As indicated in the Piedmont Case, supra, the phrase ‘interurban electric railway’ may not in all circumstances be susceptible of exact definition. The Commission has realized the difficulty. In its thirty-fifth annual report, for 1921, this was said (page 21):
‘Under the law as it now stands, we have no jurisdiction over the issuance of securities of a ‘street, suburban, or interurban electric railway which is not operated as a part of a general steam railroad system of transportation.’ Certain electric railways independently operated are engaged in the general transportation of freight in interstate commerce in addition to the transportation of passengers. The use of electricity as motive power for railways is rapidly increasing. Some electric lines correspond substantially to steam roads in all important particulars except that of motive power. Under Section 15a of the act we are given authority to include in groups of carriers for rate-making purposes such interurban electric lines as are engaged in the general transportation of freight. It seems desirable that Section 20a of the interstate commerce act be so amended as to indicate definitely the classes of electric railway companies subject to that section.’
The recommendation was repeated in the annual reports for 1923, 1924, and 1925.3 In the report for 1928 (page 83) the following appears:
‘That the present exemption provisions of paragraph (22) of section 1, paragraph (1) of section 15a, and paragraph (1) of section 20a, applicable to electric railways, be amended by substituting provisions exempting all electric railways except such as interchange standard freight equipment with steam railways and participate in through interstate freight rates with such carriers; provision to be made for exemption of particular electric railways falling within the excepted class, if upon application they are able to show to the satisfaction of the commission, after notice and opportunity to be heard, that they are not affected with an important national interest so far as the provisions in question are concerned.’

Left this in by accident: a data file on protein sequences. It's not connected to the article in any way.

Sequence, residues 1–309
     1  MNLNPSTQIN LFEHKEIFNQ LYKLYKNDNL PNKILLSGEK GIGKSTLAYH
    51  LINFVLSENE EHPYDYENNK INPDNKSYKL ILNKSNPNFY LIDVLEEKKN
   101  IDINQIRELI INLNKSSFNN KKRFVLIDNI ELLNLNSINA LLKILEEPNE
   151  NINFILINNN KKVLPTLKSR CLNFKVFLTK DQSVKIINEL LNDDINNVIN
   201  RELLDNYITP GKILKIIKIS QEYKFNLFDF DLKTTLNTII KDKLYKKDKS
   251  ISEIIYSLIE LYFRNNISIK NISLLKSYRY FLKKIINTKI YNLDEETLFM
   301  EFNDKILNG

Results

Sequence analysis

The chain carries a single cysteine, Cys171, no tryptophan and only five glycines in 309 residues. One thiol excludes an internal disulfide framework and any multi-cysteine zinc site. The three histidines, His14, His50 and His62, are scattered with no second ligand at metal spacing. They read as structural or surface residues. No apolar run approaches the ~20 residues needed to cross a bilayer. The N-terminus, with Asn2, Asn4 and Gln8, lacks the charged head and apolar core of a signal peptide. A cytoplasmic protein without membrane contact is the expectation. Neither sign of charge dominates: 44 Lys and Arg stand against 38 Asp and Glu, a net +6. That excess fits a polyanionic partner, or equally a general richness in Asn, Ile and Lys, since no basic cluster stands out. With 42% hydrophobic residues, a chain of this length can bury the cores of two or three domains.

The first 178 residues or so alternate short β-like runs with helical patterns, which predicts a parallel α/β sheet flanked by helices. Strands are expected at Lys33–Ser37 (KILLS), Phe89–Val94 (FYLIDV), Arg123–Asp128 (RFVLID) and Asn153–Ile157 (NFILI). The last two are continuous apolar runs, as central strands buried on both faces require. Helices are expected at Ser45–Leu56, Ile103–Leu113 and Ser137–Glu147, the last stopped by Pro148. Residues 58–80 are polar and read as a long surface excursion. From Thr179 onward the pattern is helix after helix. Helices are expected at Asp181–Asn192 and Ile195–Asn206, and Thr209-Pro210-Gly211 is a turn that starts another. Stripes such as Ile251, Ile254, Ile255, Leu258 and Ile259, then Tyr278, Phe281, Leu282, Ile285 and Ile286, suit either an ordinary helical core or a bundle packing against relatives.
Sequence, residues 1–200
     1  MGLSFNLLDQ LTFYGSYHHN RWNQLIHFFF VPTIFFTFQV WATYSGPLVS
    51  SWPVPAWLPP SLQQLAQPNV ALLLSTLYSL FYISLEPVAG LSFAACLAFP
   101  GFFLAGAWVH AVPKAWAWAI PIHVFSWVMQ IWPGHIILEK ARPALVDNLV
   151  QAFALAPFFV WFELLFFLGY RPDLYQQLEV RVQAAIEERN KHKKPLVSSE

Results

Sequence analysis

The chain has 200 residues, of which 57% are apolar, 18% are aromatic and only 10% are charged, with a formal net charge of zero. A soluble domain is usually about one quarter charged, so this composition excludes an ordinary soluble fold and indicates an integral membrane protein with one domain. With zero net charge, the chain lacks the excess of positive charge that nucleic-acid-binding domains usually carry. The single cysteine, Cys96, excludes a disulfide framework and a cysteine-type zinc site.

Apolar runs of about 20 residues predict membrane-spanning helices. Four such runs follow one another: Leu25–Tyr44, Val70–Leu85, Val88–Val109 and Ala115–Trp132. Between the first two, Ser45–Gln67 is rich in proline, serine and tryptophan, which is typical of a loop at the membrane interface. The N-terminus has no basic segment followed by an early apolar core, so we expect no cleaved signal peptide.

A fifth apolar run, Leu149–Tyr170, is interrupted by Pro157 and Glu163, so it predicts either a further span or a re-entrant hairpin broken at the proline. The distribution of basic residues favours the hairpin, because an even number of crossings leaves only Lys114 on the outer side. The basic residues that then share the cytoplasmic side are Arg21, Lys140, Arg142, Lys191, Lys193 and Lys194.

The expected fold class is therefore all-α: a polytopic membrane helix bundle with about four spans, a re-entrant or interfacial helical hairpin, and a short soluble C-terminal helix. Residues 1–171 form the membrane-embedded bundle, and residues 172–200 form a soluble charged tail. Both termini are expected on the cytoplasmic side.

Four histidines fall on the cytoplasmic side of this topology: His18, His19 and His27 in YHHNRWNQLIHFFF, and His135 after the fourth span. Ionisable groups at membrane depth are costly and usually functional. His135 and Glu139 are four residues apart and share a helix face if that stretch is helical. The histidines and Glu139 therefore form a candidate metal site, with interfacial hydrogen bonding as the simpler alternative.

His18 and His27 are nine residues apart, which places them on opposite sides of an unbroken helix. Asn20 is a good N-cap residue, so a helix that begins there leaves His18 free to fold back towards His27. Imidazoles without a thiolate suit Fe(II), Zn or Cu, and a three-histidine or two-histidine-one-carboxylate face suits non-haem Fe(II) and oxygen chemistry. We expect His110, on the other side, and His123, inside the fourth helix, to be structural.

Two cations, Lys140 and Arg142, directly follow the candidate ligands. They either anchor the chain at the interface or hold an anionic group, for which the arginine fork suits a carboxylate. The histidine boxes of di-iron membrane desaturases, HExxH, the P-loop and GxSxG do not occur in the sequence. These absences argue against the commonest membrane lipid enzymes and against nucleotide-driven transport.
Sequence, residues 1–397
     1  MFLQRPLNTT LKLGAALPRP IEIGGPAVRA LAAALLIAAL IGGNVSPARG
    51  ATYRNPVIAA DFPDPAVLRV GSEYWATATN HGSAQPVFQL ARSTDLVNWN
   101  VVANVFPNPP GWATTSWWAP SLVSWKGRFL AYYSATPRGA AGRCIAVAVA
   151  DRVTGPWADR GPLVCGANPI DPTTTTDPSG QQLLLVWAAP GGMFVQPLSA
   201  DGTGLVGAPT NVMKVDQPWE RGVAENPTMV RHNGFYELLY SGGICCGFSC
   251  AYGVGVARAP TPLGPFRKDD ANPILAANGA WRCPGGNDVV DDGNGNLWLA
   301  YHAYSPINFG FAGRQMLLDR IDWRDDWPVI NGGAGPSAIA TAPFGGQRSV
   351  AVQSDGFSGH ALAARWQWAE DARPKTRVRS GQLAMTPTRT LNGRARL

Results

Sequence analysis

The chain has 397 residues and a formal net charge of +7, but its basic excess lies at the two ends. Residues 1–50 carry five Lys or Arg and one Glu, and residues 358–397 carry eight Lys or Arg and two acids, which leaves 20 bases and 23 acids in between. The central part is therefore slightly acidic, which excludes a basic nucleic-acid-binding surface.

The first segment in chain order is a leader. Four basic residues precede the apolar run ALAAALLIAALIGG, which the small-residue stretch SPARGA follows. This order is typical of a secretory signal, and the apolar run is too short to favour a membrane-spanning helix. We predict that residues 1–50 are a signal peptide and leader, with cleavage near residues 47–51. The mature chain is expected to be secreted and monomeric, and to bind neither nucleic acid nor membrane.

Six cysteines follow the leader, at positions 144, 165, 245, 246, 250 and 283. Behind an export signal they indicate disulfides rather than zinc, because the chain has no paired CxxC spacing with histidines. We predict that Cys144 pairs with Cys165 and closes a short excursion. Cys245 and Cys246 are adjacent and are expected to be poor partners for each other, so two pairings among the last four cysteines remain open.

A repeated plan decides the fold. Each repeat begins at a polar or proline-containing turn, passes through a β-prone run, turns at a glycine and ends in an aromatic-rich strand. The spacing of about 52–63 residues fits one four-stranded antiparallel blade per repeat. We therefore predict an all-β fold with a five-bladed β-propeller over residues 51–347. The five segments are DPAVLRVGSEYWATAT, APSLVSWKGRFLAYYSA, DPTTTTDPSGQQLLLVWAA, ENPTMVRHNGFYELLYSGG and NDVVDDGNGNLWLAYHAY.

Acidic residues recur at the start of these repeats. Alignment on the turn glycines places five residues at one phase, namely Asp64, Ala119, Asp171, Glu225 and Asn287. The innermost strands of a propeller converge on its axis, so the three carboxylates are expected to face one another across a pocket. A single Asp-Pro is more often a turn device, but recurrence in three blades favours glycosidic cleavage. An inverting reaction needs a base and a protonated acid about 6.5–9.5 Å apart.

See, also, the 1929 report, p. 89.
The position heretofore taken by the Commission with respect to the appellee is of great significance. In 1923 a brief was filed with the Commission supporting the view that section 15(a) had no application to the company because it was an interurban electric railway not operated as part of a general steam railroad system of transportation and not engaged in the general transportation of freight. The Director of the Bureau of Finance replied that, unless later advised to the contrary, the carrier would not be required to file returns under the section. No such advice has ever been communicated to the appellee.